How Visiting A Third World Country Puts Your First World Problems Into Perspective

How Visiting A Third World Country Puts Your First World Problems Into Perspective

We need to realize how blessed we are to live in America.

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America is not perfect by any means; our country has its flaws, but it is still such a blessing to live here. We are free. We have men and women who fight every day for our freedoms, who risk their lives for us, and who keep us safe. We have so much to be thankful for.

But not everyone has those privileges.

In America, we complain about SO many things. We worry about what car we drive, how big our house is, how much money we make, what school we go to, what phone we have, what name brands we own, and so many other irrelevant things. Those are our biggest worries. That is what consumes so much of our time.

I'd say that if those are our biggest worries, we have it pretty freaking good here.

People across the world have so much more to worry about - legitimate worries. They spend their time worrying if they're going to be persecuted by their government because of their beliefs, where they're going to get clean water from, how they're going to feed their families, what to do when their children are sick and there is no medical aid available, what happens if a natural disaster comes and destroys their homes, and so much more that I cannot even imagine. They have actual problems. They experience hardships. They go through more than we could ever fathom.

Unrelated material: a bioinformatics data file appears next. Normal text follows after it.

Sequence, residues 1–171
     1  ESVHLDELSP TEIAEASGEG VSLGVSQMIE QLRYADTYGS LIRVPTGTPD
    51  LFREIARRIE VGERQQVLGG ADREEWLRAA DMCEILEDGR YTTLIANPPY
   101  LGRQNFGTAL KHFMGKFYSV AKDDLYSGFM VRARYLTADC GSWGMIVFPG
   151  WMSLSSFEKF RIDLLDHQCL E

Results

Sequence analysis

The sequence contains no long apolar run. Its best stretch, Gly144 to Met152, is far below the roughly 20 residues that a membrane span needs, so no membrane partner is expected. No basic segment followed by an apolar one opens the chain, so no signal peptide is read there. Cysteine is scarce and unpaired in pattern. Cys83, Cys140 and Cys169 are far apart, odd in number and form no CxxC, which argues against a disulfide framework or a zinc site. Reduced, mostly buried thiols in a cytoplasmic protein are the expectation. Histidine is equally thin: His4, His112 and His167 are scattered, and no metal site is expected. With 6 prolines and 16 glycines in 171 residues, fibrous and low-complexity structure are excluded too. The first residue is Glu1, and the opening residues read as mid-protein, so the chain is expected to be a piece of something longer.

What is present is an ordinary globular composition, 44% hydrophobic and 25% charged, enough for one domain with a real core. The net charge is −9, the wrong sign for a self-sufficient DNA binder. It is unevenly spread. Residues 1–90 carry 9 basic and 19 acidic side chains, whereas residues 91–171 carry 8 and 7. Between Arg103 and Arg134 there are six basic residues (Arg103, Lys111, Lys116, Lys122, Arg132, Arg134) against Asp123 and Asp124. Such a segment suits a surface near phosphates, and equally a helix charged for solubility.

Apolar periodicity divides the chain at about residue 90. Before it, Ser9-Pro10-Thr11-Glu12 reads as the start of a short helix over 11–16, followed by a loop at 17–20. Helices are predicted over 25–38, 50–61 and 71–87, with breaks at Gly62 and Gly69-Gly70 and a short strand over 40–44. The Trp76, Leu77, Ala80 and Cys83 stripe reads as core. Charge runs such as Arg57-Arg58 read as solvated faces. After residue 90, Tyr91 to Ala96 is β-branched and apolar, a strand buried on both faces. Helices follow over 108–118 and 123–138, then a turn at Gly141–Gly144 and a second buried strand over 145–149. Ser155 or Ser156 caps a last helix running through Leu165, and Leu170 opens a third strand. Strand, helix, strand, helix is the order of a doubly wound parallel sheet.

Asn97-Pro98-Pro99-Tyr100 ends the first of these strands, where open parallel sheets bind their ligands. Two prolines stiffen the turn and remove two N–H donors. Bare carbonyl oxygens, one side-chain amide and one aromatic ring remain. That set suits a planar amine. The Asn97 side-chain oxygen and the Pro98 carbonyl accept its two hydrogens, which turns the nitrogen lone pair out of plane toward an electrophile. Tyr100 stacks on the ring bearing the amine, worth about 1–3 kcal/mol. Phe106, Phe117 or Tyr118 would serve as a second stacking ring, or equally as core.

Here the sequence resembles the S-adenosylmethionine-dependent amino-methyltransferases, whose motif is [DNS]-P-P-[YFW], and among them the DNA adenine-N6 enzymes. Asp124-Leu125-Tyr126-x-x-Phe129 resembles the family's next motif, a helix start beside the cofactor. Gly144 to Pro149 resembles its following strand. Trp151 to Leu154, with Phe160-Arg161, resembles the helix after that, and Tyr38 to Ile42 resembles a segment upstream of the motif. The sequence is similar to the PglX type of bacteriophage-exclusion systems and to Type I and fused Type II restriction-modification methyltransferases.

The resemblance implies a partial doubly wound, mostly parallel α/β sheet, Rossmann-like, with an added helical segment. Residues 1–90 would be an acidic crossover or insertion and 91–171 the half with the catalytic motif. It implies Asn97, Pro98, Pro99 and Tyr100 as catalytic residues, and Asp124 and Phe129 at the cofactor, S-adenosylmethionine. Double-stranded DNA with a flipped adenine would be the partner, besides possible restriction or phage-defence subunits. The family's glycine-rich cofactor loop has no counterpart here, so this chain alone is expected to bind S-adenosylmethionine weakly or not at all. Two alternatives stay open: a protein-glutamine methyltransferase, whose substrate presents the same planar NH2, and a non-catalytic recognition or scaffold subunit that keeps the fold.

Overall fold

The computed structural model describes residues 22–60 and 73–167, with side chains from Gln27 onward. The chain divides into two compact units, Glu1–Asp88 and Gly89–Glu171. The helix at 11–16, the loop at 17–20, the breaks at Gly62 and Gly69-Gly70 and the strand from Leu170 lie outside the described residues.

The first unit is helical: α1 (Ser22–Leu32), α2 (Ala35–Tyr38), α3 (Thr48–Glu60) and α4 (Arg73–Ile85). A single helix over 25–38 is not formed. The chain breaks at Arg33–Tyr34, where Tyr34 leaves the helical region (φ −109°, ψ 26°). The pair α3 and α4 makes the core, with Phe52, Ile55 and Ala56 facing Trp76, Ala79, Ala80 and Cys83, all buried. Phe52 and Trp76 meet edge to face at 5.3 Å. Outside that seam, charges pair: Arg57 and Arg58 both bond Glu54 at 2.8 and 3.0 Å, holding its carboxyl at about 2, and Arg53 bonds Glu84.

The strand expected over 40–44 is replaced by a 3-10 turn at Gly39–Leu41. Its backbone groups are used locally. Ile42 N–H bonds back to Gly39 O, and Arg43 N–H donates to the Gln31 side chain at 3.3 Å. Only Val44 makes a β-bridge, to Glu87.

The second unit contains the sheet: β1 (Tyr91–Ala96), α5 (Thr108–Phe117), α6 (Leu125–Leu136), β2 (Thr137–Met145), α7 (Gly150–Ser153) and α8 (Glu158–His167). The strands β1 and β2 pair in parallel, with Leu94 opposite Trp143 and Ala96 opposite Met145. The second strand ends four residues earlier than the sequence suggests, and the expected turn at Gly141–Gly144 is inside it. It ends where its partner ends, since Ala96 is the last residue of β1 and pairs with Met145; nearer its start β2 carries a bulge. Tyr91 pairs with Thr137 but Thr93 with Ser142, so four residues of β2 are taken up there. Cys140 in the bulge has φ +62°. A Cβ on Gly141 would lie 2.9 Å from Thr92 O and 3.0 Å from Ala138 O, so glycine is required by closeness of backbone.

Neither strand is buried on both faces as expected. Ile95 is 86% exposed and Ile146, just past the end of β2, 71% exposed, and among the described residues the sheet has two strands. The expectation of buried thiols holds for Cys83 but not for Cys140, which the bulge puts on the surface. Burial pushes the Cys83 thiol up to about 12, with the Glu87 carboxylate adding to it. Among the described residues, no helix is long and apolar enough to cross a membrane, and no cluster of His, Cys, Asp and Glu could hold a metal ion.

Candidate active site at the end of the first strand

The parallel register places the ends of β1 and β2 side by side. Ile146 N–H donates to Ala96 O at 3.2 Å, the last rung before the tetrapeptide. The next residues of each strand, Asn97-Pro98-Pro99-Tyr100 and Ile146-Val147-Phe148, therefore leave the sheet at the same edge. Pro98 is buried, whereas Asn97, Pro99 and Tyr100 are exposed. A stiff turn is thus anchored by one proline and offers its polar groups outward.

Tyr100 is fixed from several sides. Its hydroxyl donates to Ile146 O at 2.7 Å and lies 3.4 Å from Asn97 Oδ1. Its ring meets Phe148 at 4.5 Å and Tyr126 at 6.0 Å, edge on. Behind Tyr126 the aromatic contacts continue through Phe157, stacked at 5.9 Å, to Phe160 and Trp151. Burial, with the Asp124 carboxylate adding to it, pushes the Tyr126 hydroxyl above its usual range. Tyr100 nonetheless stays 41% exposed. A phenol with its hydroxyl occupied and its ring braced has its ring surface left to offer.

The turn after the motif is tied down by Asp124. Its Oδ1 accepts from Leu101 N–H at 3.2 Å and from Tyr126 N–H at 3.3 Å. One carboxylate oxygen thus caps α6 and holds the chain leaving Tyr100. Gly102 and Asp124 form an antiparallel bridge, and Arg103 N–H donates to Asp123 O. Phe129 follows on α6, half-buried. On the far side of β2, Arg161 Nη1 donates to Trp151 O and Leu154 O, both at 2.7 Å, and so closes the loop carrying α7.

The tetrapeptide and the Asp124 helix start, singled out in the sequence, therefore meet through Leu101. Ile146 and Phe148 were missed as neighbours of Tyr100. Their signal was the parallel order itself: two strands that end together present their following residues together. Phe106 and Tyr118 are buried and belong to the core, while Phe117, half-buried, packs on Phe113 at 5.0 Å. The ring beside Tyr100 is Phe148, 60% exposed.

Yet, here we are. Americans.

We get all bent out of shape when someone cuts us off when we're driving, when our WiFi is too slow, when our phone battery dies, when the drive-thru line is too long. We whine and complain about that when there are people all over the world who can't provide for their families.

We complain about having to go to school or work. Some people would kill to have the education or jobs that we do. We really, really take so much for granted. We have no idea how good we have it.

Again, I'm not saying America is perfect.

There are people here living in poverty. There are children here who don't have parents. People here have it hard, too. And, I'm not trying to act like bad things aren't happening here, because I know that they are. But, for the majority of Americans, we have it made. We have more than we need. We even complain because we have too much stuff. We should be embarrassed for some of the things we whine about.

If you're an American, you have been blessed.